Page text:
Appreciate the sentiment - but I’m really hoping that a) we’re not seriously still debating *if* #SCOTUS is an impediment to progress, and that b) we can all acknowledge that impeding progress towards multiracial democracy has been the historical norm for the Supreme Court.
Seriously, the widespread view among Liberals of #SCOTUS as an ally in the fight for a more democratic, fairer society stems entirely from a romanticized understanding of the Court’s history, misconstruing the Warren Court as the norm, when really that era was a massive outlier.
Whenever you bring up the fact that SCOTUS has, as a historical norm, been allied far more often with an anti-democratic, reactionary political project, someone will inevitably yell “But what about this decision? Or that decision?!”
As far as I can tell, Hanania is widely regarded and presented by people on the center-right as a serious conservative intellectual. This, however, is not something a serious intellectual would write.
One has to be either remarkably uninformed or astonishingly disingenuous to equate the serious theoretical work and empirical analyses by leading legal scholars with the “modern representatives” of fascism and white nationalism.
If you think of Crenshaw / Bell and Stormfront / Bannon as equivalents, that really says a lot about you.
We must not miss the forest for the trees: “White rage” is not just a fringe phenomenon in American politics, and the people who stormed the Capitol were not just a bunch of frustrated individuals from the fringes of society. 2/
They also weren’t simply seduced and overwhelmed by Trump’s #BigLie – I reflected on why it would be dangerously misleading to imagine the insurrectionists as victims of brilliant propaganda here: 3/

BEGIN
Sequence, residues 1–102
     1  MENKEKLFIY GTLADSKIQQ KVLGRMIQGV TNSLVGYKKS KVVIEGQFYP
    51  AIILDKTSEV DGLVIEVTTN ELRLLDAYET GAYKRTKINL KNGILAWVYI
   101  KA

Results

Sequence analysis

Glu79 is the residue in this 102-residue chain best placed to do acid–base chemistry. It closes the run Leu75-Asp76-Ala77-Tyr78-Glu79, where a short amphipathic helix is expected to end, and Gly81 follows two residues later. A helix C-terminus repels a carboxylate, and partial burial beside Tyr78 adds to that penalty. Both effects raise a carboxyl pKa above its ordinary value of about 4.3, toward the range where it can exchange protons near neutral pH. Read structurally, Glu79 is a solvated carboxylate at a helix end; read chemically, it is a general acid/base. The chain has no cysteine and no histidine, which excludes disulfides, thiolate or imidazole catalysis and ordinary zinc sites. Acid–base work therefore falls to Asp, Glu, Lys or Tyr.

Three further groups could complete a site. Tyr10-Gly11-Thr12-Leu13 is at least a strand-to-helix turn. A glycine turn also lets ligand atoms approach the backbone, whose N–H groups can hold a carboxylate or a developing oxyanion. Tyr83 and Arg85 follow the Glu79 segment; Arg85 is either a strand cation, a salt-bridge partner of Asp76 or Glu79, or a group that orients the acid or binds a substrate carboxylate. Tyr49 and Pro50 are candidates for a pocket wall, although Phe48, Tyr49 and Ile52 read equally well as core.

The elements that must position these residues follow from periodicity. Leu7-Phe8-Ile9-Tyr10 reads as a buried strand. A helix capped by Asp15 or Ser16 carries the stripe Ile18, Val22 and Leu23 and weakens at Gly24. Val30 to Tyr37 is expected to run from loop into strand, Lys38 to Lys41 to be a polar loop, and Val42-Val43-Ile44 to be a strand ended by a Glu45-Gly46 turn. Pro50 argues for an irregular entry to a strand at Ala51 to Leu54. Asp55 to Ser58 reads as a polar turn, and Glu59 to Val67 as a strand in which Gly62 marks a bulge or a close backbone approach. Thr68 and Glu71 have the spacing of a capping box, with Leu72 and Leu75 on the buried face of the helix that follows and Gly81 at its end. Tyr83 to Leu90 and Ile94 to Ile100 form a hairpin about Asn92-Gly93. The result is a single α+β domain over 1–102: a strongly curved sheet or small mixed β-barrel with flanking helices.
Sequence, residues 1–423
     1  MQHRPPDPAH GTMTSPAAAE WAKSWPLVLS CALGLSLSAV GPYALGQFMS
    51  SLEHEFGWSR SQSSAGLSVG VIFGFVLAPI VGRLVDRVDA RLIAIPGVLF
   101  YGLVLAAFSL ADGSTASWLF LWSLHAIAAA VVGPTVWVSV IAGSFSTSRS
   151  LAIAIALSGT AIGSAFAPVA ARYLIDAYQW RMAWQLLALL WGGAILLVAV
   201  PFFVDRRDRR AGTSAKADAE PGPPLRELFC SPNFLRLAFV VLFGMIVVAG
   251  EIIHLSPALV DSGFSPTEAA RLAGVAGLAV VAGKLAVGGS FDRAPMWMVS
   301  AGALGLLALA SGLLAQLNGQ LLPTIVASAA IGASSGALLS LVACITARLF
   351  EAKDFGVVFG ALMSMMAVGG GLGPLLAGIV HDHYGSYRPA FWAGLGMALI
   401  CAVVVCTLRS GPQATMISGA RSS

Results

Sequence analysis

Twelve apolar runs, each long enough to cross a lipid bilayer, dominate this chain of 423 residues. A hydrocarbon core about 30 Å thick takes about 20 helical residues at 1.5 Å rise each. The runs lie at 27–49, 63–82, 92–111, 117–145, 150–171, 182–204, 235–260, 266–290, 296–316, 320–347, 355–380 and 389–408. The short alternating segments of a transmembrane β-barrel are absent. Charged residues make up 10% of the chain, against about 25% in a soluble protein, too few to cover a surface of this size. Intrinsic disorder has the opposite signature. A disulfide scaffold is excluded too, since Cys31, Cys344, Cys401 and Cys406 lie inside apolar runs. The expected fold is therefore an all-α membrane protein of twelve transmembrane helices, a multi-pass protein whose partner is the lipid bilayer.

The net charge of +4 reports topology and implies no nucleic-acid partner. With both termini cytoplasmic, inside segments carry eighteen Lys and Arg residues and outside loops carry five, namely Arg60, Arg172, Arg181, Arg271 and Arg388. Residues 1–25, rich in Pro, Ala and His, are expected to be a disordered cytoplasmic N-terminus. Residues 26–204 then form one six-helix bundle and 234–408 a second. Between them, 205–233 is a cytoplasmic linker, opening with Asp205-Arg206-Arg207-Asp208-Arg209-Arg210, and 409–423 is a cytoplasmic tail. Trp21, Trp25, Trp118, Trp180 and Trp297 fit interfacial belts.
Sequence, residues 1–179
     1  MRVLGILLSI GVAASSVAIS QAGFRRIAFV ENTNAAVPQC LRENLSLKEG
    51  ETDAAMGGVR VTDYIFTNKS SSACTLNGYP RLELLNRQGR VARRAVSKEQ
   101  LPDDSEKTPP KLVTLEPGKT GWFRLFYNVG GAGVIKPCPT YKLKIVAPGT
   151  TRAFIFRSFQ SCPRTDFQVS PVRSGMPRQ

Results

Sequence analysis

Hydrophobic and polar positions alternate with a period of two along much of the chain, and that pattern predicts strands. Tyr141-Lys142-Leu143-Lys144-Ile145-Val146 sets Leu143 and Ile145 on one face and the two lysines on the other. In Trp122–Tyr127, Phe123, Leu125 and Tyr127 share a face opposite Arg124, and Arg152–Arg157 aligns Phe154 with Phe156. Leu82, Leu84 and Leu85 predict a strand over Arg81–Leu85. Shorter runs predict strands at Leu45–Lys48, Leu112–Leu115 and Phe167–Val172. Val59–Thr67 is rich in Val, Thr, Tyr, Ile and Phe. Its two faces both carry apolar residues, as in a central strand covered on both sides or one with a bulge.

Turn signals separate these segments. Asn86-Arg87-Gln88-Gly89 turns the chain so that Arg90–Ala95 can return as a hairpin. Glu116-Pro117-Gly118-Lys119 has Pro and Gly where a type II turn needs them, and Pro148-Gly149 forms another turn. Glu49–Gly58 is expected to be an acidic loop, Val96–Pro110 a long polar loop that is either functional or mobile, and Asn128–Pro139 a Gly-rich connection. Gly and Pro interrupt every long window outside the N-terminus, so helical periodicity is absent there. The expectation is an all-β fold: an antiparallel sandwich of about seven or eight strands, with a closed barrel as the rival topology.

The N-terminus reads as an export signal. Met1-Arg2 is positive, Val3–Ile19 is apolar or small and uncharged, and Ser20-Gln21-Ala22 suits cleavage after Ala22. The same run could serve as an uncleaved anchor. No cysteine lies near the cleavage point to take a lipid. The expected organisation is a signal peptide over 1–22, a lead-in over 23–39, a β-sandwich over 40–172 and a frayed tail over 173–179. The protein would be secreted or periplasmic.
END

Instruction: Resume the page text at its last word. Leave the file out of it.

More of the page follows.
There’s obviously a lot of wannabe-tough nonsense in Nikki Haley’s statement. But it also expresses a feeling of being on the defensive, of being under siege, that is pervasive among conservatives – and has been for quite some time. 2/
“The days of being nice should be over” – time to get dirty, to fight back by whatever means. That, to me, is the underlying principle, the anxiety and energy that animates much of what is happening on the American Right. 3/
The answer is D, but the only clue is the mention of S1 - because other than that it’s exactly how white supremacists have always justified their highly discriminatory election laws that were specifically designed to disenfranchise Blacks and anyone threatening their rule.
Seriously, if you know anything about the history of racism and white supremacy in this country, about how it took the federal government overriding “states’ rights” and forcing the states to respect Black people’s right to vote, you know how outrageous a statement this is.
There are interesting parallels between the reaction of American conservatives to #Juneteenth becoming a federal holiday and the way West German conservatives despised the idea of celebrating May 8 as a “Day of Liberation” through much of the post-war period. Some thoughts: 1/
May 8, 1945 was, of course, the day Nazi Germany unconditionally surrendered to the Allies. It is widely celebrated in many countries, including the U.S., where it is known as VE Day: Victory in Europe Day. 2/